Here in Britain, we often think of Australians as being steps ahead of us when it comes to recycling and sustainability.

Yet despite the good work of the AAA, aerosol cans seem to cause confusion with just one third (33%) of people in Oz correctly identifying them as recyclable; 54% incorrectly say they aren't recyclable; and a further 12% say they aren't sure. With Australians using a staggering 250 million aerosols every year, this means an enormous amount of recyclable high quality steel and aluminium is ending up in landfill.

It just acted as a reminder of how far we in the UK have come. Thanks to campaigns by BAMA such as our ‘Can Do’ Awards for local authorities, along with programmes such as the Alupro campaign, supported by BAMA and others, the majority of councils collect empty aerosols from the kerbside and most consumers know they can recycle them.

It’s salutary to remember that in 2001 just 7% of councils recycled empty aerosols; by 2009, 75% recycled; and by 2014 – over 90% recycled. This means that the 30000 tonnes of reclaimable high-grade metal waste produced via the 600 million aerosols or so used in the UK each year gets reused, not sent to landfill.

The latest research we conducted showed that the overwhelming majority of Brits know they can and should recycle aerosols and that, most importantly, most do. Of those who buy aerosols in the UK, 73% are recycling them.

We in the UK should be proud of this achievement. We’re never complacent; we know you don’t have to be bad to get better. However, we think it’s important sometimes to look back on how far we’ve come – and in the case of recycling aerosols, it’s a very long way indeed.

1. Source: http://www.geelongaustralia.com.au/news/item/8d240b9d722d38c.aspx

2. Survey by GfK NOP for BAMA interviewed 1000 adults aged 16+ by telephone launched March 2013.

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Details announced for the BAMA Forum 2015

BAMA (the British Aerosol Manufacturers’ Association), is to hold its annual Forum on 15-16 October 2015. The event will again take place at The Belfry Hotel in Sutton Coldfield. The results of the BAMA Awards will also be announced at a gala dinner to be held on 15th October. Both the event and the Awards are open to all BAMA members.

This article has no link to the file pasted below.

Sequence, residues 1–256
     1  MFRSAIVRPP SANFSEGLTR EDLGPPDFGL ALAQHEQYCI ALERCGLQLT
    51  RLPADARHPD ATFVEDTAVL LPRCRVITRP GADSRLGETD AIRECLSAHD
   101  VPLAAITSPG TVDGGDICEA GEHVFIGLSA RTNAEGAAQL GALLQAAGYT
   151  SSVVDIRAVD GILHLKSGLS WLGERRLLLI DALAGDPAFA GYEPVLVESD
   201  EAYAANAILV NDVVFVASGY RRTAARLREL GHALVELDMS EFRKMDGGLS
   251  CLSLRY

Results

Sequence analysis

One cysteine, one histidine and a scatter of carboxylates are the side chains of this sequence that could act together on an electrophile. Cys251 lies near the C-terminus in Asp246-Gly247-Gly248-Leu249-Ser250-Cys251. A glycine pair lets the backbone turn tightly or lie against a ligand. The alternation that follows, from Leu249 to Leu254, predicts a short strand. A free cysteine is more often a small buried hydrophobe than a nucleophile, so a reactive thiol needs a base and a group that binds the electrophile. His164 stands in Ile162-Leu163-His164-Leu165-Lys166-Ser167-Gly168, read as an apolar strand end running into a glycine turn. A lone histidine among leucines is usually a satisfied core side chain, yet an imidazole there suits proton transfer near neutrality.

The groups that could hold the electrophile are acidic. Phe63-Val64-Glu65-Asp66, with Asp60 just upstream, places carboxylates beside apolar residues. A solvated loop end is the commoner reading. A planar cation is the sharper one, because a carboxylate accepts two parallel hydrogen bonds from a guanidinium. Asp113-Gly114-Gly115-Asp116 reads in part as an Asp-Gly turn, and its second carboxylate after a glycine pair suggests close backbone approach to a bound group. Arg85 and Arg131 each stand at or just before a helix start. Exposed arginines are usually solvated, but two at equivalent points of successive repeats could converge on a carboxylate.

Now in their seventh year, the BAMA Awards recognise and promote the high standards in the UK aerosol industry and are a valuable way of promoting businesses and so all BAMA members who have launched new products or other innovations are encouraged to enrol entries.
Dominic HollandThis year, entertainment will be provided by Dominic Holland (pictured) who has been invited as the guest comedian at this year’s dinner. One of the country’s most highly regarded comedians, Dominic has enjoyed success as both a stand-up comedian and a writer and is often seen as a panellist on shows including Five's The Wright Stuff, Have I Got News For You and Never Mind the Buzzcocks. Dominic has written for the late Bob Monkhouse, Harry Enfield, Lenny Henry and Clive Anderson, as well as being the author of three novels including the critically acclaimed Only In America.
There will be rewards for BAMA members who enter the Awards and prizes worth a total of £3000 for the companies which are picked as winners or runners-up in two of the Awards’ categories.

Companies engaged in any aspect of the aerosol industry but which are not already members of BAMA, may enter the Awards and attend the Forum and gala dinner as long as they have applied for membership and have their application accepted before 7th September, which is the closing date for Awards entries. Entry forms will be available on the BAMA website shortly.

The Members' rate to attend the two-day event is £199 + VAT which includes lunch, the seminars, the Awards Dinner plus accommodation for one night and breakfast. Non-members may not attend the seminars although BAMA welcomes members to invite guests to the Awards Dinner.

If you are not yet a member and believe your company is eligible for membership contact: amyfalvey@bama.co.uk.

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The Appliance of Science

Nick Swift is from The Association of Science Education which runs the website SchoolScience.co.uk. He has been working with BAMA for many years to promote aerosol Science and Technology to schools. Nick is this month’s guest blogger.

Nick SwiftIf you work in the education business you are constantly bombarded by messages from industry, universities and government about the shortage of scientists, engineers and mathematicians. Dozens of websites and schemes are set up to try to solve the problem. None of them do any harm and many are excellent, but all too often they are schemes that will run for a while and then fade away.

The fact is that teachers need to be informed about how science is applied in the real world. I run the website www.schoolscience.co.uk and Twitter account @schoolscience that does just this. We channel scientific news to schools and create original learning resources. Much of science can be dry theory. Our aim is to show how the theory is applied.